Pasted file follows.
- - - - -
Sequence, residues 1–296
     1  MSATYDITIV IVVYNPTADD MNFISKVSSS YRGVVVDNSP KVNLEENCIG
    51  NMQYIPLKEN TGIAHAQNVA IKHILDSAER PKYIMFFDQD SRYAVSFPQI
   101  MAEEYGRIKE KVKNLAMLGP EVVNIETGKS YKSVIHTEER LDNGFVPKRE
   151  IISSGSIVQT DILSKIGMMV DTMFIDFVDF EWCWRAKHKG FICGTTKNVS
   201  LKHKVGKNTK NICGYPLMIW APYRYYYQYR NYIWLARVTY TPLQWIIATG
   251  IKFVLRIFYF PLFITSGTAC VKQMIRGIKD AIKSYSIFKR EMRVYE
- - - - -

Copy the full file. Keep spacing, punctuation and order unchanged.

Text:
Sequence, residues 1–296
     1  MSATYDITIV IVVYNPTADD MNFISKVSSS YRGVVVDNSP KVNLEENCIG
    51  NMQYIPLKEN TGIAHAQNVA IKHILDSAER PKYIMFFDQD SRYAVSFPQI
   101  MAEEYGRIKE KVKNLAMLGP EVVNIETGKS YKSVIHTEER LDNGFVPKRE
   151  IISSGSIVQT DILSKIGMMV DTMFIDFVDF EWCWRAKHKG FICGTTKNVS
   201  LKHKVGKNTK NICGYPLMIW APYRYYYQYR NYIWLARVTY TPLQWIIATG
   251  IKFVLRIFYF PLFITSGTAC VKQMIRGIKD AIKSYSIFKR EMRVYE